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Ecocycles
Number of Followers: 5  

  This is an Open Access Journal Open Access journal
ISSN (Print) 2416-2140 - ISSN (Online) 2416-2140
Published by European Ecocycles Society Homepage  [1 journal]
  • Colophon 4.1

    • Authors: Tamas Komives
      PubDate: 2018-03-18
      DOI: 10.19040/ecocycles.v4i1.77
      Issue No: Vol. 4, No. 1 (2018)
       
  • Sustainable development deficit in Europe: modelling, ranking, and
           classification of countries

    • Authors: Pavol Otepka, Volodymyr Grynenko
      Pages: 1 - 9
      Abstract: The paper focuses on evaluation of progress of European and neighbouring countries in sustainable development using the system of environmental, social and economic indicators. The task of the research is to identify the problem (deficit) points of countries from the sustainable development point of view. The system of indices which characterize deficit in different sustainable development dimensions has been evaluated. The ranking of European and some neighbouring countries on sustainability problems level has been developed. The counties under consideration have been classified on significance and nature of their sustainable development problems. It is shown that the level of sustainable development is not related with the level of economic development, some of the most economically developed European countries have deep sustainability problems and, in contrast, it is possible to reach good progress toward sustainable development despite economic difficulties.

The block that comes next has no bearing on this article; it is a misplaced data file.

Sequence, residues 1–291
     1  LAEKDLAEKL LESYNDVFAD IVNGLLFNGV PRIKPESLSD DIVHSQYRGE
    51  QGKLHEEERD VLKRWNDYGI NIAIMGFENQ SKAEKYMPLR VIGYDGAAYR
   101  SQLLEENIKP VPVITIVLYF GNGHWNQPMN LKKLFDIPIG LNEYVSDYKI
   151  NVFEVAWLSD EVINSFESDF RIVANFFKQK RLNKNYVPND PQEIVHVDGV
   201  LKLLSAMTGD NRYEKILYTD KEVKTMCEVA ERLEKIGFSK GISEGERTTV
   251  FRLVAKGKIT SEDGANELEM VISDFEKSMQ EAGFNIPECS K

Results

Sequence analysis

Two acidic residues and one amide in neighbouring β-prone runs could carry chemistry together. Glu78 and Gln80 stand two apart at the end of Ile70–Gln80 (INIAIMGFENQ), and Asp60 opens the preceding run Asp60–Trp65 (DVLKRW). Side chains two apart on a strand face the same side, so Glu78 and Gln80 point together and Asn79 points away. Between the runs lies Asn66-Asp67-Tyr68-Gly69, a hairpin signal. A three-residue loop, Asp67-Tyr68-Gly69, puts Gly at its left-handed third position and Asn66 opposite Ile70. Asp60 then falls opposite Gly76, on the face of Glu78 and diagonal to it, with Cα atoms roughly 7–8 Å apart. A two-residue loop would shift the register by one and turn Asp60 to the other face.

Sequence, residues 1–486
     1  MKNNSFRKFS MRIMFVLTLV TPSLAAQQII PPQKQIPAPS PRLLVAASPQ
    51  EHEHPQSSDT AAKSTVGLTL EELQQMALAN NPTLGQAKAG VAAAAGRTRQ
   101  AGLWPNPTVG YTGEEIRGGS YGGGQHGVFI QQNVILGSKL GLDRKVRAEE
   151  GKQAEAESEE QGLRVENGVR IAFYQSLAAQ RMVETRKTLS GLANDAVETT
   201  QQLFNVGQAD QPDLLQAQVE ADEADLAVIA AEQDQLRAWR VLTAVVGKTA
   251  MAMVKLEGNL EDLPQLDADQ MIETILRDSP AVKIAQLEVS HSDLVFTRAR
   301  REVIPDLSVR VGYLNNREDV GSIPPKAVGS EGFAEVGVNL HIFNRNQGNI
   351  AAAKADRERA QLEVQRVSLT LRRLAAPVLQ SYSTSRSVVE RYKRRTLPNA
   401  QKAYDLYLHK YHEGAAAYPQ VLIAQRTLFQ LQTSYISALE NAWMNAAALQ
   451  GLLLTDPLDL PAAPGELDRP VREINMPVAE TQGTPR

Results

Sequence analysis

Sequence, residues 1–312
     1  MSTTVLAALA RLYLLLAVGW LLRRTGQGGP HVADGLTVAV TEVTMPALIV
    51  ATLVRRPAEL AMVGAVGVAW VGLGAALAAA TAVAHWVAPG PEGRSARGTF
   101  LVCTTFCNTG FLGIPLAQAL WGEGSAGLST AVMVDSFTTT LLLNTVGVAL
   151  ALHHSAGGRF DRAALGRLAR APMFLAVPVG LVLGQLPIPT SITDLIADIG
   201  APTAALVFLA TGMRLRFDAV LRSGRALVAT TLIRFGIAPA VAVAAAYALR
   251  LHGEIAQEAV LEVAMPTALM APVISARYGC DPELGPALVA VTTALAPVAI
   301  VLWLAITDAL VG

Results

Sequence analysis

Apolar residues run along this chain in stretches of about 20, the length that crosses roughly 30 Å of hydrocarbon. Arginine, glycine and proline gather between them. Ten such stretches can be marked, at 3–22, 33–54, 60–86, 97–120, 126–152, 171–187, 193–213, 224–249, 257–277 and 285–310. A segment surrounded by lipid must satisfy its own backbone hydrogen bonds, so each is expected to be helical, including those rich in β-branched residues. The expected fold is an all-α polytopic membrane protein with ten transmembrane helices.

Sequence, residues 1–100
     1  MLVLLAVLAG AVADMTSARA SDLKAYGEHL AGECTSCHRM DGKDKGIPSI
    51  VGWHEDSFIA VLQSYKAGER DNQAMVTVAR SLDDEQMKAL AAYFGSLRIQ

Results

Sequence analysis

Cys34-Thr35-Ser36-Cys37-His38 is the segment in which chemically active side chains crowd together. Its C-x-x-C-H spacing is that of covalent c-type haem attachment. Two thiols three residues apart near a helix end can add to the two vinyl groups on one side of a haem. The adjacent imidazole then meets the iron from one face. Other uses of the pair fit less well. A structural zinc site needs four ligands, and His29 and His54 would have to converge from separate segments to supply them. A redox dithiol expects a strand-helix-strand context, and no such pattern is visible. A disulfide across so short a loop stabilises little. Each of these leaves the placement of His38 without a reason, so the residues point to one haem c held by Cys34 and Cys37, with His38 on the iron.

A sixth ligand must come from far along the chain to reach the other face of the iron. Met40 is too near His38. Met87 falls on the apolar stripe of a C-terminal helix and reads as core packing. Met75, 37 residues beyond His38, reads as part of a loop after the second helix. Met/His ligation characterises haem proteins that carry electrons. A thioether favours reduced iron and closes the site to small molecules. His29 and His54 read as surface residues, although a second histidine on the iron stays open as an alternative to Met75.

PubDate: 2018-03-18
      DOI: 10.19040/ecocycles.v4i1.84
      Issue No: Vol. 4, No. 1 (2018)
       
  • EU policies: opportunities for aquaponics

    • Authors: Kyra Hoevenaars, Ranka Junge, Tamas Bardocz, Matej Leskovec
      Pages: 10 - 15